Todd Rundgren changed costumes countless times throughout the night at the Celebrating David Bowie concert held at the Union County Performing Arts Center in Rahway on October 27 and, wearing a silver astronaut costume , danced like a man lost in space during “Space Oddity.
Adrian Belew – former bandmate and musical director of Bowie – didn’t change costumes at all, but added wild guitar solos to songs like “Fashion”, “Stay” and “Station to Station”, creating sounds that few other guitarists could even imagine.
Royston Langdon of the band Spacehog echoed Bowie’s sense of theatrical melodrama in songs such as “Rock ‘n’ Roll Suicide” and “The Man Who Sold the World”. And Jeffrey Gaines – who I’m used to seeing solo, with an acoustic guitar – proved he could be a fierce rock ‘n’ roll leader on songs like ‘Suffragette City’, ‘Rebel Rebel ” and “Moonage Daydream”.
David Bowie has made music in countless different styles in his more than 50 years as a rock star. And this show, with 30 songs released over a span of 44 years — from 1969’s “Space Oddity” to 2013’s “The Stars (Are Out Tonight)” — has pretty much covered them all.
The first Celebrating David Bowie shows were in 2017, and there were more in 2018. But the all-star tour has come to New Jersey for the first time at Rahway, and there will be another show. from Garden State on October 29 at Harrah’s Resort in Atlantic City.
Angelo “Scrote” Bundini led the band, in addition to playing guitar and occasionally singing. He, saxophonist-keyboardist-guitarist Ron Dziubla (who performed an extended saxophone solo as the intro to “Space Oddity”), bassist Angeline Saris and drummer Travis McNabb backed everyone up, along with Rundgren, Belew, Gaines and Langdon sometimes coming off stage for a few numbers, or sometimes staying to add guitar, keyboards, or backing vocals when someone else sang the lead.
As you can see from the setlist below, the two-hour, 20-minute show covered most of Bowie’s best-known songs as well as some slightly more obscure material. Belew and Rundgren, for example, sang “Pretty Pink Rose” – the 1990 Belew/Bowie duet – together, with Rundgren handling the Bowie parts. And Gaines provided one of the show’s few low-key moments with the bad mood. Young Americans ballad, “Winning”.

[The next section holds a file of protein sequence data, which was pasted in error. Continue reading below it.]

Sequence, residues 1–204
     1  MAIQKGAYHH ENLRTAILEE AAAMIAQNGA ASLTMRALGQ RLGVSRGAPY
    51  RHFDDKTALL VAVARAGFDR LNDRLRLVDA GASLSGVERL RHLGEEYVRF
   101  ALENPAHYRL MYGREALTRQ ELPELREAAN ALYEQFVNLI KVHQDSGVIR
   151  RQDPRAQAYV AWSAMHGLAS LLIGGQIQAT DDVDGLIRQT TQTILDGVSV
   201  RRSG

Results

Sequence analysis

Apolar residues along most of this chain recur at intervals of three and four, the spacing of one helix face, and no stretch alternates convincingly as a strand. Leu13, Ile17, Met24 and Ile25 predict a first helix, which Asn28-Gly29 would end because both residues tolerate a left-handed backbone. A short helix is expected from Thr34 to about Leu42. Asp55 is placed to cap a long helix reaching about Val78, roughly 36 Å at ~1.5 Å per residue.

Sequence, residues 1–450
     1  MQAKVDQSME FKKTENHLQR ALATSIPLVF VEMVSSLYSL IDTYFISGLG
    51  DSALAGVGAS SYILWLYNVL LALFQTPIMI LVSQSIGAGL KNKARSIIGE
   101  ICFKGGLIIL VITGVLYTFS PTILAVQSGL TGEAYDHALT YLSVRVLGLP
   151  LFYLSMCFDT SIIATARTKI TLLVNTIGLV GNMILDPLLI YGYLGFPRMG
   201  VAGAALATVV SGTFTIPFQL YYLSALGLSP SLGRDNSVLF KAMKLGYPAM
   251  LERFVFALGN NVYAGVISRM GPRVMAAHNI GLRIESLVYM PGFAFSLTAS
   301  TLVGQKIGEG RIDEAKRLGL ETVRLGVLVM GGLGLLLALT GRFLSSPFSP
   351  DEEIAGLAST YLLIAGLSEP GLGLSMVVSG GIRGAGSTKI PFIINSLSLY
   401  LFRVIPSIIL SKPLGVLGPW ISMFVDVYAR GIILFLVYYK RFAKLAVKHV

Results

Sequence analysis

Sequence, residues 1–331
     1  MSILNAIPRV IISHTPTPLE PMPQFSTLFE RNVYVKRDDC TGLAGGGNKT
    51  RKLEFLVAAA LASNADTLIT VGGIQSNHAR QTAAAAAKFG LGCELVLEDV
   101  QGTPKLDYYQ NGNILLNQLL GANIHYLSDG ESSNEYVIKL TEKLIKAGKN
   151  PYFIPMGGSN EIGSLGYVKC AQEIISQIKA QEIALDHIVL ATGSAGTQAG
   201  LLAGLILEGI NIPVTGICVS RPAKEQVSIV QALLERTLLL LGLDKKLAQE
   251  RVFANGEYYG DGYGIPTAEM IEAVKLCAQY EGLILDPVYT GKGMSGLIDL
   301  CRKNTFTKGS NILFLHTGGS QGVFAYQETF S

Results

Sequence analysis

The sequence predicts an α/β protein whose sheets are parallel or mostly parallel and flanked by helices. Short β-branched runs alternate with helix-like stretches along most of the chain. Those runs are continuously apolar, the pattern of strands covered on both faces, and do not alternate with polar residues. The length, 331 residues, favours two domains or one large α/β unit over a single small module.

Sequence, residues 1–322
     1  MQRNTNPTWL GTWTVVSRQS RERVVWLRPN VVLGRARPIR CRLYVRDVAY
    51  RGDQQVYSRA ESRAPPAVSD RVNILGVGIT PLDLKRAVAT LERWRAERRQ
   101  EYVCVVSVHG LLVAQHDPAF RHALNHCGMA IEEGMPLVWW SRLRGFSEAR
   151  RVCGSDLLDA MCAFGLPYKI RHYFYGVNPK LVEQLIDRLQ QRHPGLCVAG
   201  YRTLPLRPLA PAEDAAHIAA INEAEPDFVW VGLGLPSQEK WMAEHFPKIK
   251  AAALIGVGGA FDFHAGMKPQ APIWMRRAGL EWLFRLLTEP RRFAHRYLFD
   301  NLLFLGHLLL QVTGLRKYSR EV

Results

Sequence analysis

While the show, understandably, focused on Bowie’s output from the late ’60s to early ’90s, his later years were covered in a three-song segment with “The Stars (Are Out Tonight),” Hallo Spaceboy” and “I’m afraid of Americans.
Talking about Bowie between songs was nearly impossible. It was a bit surprising, because from previous concerts and interviews, I know that these musicians have a lot to say. The longest speech of the evening, in fact, came from Rundgren (after the closing group version of “Heroes”, with Belew perfectly reproducing Robert Fripp’s magnificent lead guitar part) and had nothing to do with with the music. “Dont forget to vote !” he said, in part. “This is not an off-year election. It’s very sure.
by Rundgren Spirit of Harmony Foundationwhich supports music education, is one of the tour partners.
Here’s the show’s setlist, with the lead singers in parentheses. Below is video from the show of Rundgren singing the Bowie-penned Mott the Hoople hit, “Young Americans.”
“Sound and Vision” (Adrian Belew)
“Young Americans” (Todd Rundgren)
“Moonage Daydream” (Jeffrey Gaines)
“Rock ‘n’ Roll Suicide” (Royston Langdon)
“The Man Who Sold the World” (Langdon)
“Five Years” (Gaines)
Ziggy Stardust (Langdon)
“Life on Mars?” (Rundgren)
“Ashes to Ashes” (Langdon)
“The Golden Years” (Langdon)
“The Boys Keep Swinging” (Belew)
“From station to station” (Scrote, Rundgren)
“Space Curiosity” (Rundgren)
“The Stars (Come Out Tonight)” (Scrote)
“Hello Spaceboy” (Scrote)
“I’m Afraid of Americans” (Langdon)
“Jean Bleu” (girdles)
“Pretty Pink Rose” (Belew, Rundgren)
“Let’s Dance” (Langdon)
“Rebel Rebel” (Gaines)
“All the Young Guys” (Rundgren)
“City of the Suffragettes” (Gaines)
“Heroes” (Rundgren, Belew, Langdon, Scrote)
For more information on tours, visit celebratedavidbowie.com.
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